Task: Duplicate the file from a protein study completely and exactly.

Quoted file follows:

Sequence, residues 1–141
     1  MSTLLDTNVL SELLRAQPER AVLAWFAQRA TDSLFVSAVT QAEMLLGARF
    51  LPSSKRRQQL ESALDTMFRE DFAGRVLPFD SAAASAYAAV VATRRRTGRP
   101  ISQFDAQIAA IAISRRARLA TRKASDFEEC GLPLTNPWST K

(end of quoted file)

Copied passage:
Sequence, residues 1–141
     1  MSTLLDTNVL SELLRAQPER AVLAWFAQRA TDSLFVSAVT QAEMLLGARF
    51  LPSSKRRQQL ESALDTMFRE DFAGRVLPFD SAAASAYAAV VATRRRTGRP
   101  ISQFDAQIAA IAISRRARLA TRKASDFEEC GLPLTNPWST K